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Publication numberUS2686963 A
Publication typeGrant
Publication dateAug 24, 1954
Filing dateSep 15, 1948
Priority dateApr 27, 1948
Publication numberUS 2686963 A, US 2686963A, US-A-2686963, US2686963 A, US2686963A
InventorsEugene Freyssinet
Original AssigneeEugene Freyssinet
Export CitationBiBTeX, EndNote, RefMan
External Links: USPTO, USPTO Assignment, Espacenet
Method of anchoring reinforcements
US 2686963 A
Abstract  available in
Previous page
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Claims  available in
Description  (OCR text may contain errors)

1954 E. FREYSSINETV 2,686,963

METHOD OF ANCHORING REINFORCEMENTS Filed Sept. 15, 1948 a Inn/enrol! IL, w M,M1-wm w Patented Aug. 24, 1954 METHOD OF AN CHORING REINFO'RCEMEN TS Eugene Freyssinet, Neuilly-sur-Seine, France Application September 15, 1948, Serial No. 49,377 Claims priority, application France April 27, 1948 2 Claims.

1 I have already described in my prior Patents No. 2,270,240 and No. 2,618,147 an arrangement for anchoring previously stressed reinforcements, more particularly suitable for cable reinforcements.

This arrangement includes, in register with the end of the cable, a frusto-conical wall operatively connected to the mass to which a preliminary stress is to be given and against which the strands of the reinforcing cable to be anchored are strongly fastened by a frusto-conical wedge engaging it under high pressure. This wedge may be constituted by a casing of sheet metal or by a hoop of hard steel filled with concrete and it may include an axial tube allowing the injection under pressure of the protecting cement into the recess provided for the reinforcement in the mass submitted to a preliminary stressing.

My invention has for its object improvements in the anchoring means wherein the wedge is constituted by concrete without any outer casing enclosing it, the fastening of the reinforcing strands being performed through direct contact with the concrete of the wedge so as to benefit to a maximum by the plastic deformation of the concrete obtained by pressure, so as to secure a uniform tightening of the various reinforcing strands even if the diameters of these strands show substantial differences.

This improvement provides an important advantage inasmuch as it is possible to use for the constitution of reinforcing strands not only drawn Wire of comparatively regular diameter but also filaments obtained through extrusion or rolling at high temperature or at room temperature and the variations in gauge of which may be fairly large.

Preferably the concrete wedge is provided with recesses of a substantially cylindrical shape intended for the housing of the reinforcing strands to be anchored and matching substantially the shape of these strands.

The following description and accompanying drawings which are employed by way of exemplification and by no means in a limiting sense, will show how the invention may be executed and the various features appearing both in the drawings and in the specification form of course part of the invention. In said drawings:

Fig. 1 is a perspective view of an embodiment of the wedge according to my invention.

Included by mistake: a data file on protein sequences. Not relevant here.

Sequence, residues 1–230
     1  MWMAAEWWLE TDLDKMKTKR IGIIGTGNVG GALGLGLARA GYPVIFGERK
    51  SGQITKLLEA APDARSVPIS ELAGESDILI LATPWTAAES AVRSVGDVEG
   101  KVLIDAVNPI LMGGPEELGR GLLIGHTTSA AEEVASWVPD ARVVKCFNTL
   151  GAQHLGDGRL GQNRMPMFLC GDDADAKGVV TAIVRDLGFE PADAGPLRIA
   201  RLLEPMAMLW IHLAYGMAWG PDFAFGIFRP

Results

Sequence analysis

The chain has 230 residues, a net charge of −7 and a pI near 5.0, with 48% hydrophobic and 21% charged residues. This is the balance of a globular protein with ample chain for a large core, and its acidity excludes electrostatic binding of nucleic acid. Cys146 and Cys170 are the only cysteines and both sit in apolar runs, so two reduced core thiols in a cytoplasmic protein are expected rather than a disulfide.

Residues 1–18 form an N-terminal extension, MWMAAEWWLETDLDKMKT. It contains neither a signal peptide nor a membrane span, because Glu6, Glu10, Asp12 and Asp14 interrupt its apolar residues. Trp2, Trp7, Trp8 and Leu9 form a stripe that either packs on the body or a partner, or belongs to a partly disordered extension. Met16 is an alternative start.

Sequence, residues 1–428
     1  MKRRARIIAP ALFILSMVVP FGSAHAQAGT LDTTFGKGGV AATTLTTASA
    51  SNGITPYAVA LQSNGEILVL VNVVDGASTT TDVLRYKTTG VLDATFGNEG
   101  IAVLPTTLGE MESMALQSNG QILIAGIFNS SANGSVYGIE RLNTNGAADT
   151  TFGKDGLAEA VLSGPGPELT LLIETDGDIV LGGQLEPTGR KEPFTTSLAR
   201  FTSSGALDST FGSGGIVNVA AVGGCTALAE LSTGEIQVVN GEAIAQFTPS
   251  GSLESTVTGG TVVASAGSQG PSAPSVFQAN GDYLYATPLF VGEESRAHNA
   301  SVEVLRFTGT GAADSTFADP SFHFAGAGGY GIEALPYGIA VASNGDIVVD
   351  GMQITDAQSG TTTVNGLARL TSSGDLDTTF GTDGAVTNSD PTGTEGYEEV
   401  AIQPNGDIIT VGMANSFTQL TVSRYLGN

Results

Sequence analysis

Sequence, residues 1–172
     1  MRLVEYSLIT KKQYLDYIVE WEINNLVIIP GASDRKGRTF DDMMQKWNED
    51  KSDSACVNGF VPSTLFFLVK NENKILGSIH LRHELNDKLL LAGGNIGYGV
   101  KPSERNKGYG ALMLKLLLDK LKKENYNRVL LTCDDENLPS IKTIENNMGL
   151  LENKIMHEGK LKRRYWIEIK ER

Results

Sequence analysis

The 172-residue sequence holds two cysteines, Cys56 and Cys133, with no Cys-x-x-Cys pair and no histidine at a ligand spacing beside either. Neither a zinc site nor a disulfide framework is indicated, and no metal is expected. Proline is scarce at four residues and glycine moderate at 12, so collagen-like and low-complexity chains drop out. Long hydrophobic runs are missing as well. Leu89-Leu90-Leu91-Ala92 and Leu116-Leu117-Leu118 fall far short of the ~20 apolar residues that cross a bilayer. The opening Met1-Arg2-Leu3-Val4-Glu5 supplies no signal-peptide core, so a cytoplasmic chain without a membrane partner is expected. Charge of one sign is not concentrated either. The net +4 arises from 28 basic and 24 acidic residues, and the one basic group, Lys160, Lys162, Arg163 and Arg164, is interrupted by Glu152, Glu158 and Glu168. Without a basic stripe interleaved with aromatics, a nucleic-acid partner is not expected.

Fig. 2 is a longitudinal section thereof.

Fig. 3 is a longitudinal section of a complete anchoring system incorporating my improved wedge.

Fig. 4 is a transversal cross-section of this arrangement including the tightening wedge.

Fig. 5 is a transversal cross-sectional view at a larger scale of one of the recesses provided in the wedge for the armature strands. Figure 5a is a view similar to Figure 5 illustrating the ideal condition existing after the wedge has ben plastically deformed.

The wedge illustrated in the drawings is constituted by a frusto-conical body I of molded concrete showing a high resistance to compression, the granular structure and the composition of the concrete. being carefully chosen in order to achieve this result while the molding may be carried out, as well known per se, under vibratory conditions and under compression. The frustoconical surface of the wedge thus obtained is left bare, in other words it is not enclosed in a sheath or binding or hoop of steel as described in my prior patents referred to hereinabove. In said frusto-conical wall of the wedge, it is sometimes desirable to provide, in the casting, recesses 2 directed substantially along generating lines of the wedge and the number of which corresponds to that of the strands of the reinforcement to be anchored, each recess showing cross-sectionally the shape of a half-cylinder a-b-c the diameter of which is substantially equal to that of the strands or slightly greater, said half cylinder extending laterally under the form of flaring surfaces aa', cc to further the introduction of the reinforcing strands (Fig. 5).

The wedge may be provided with an inner tubular metal core 3 that may serve for the subsequent injection of cement or of another substance into the channel containing the reinforcement.

The reinforcement being inserted in each channel 4 provided inside the mass that is to be reinforced (Fig. 3) and the different strands of said reinforcement 5 opening into contacting relationship with the wall of the frusto-conical opening 6 forming an extension of said channel at the end thereof, the wedge is urged axially into said opening whereby the strands are housed in the various.

recesses 2 of the Wedge. This introduction of the wedge may be executed by means of a jack already described in my prior patents, said jack allowing a preliminary stress to be given to the reinforcing strands and keeping them stretched during the wedging operation while an extremely high pressure is exerted on the wedge the reaction of which pressure is absorbed by the reinforcement itself.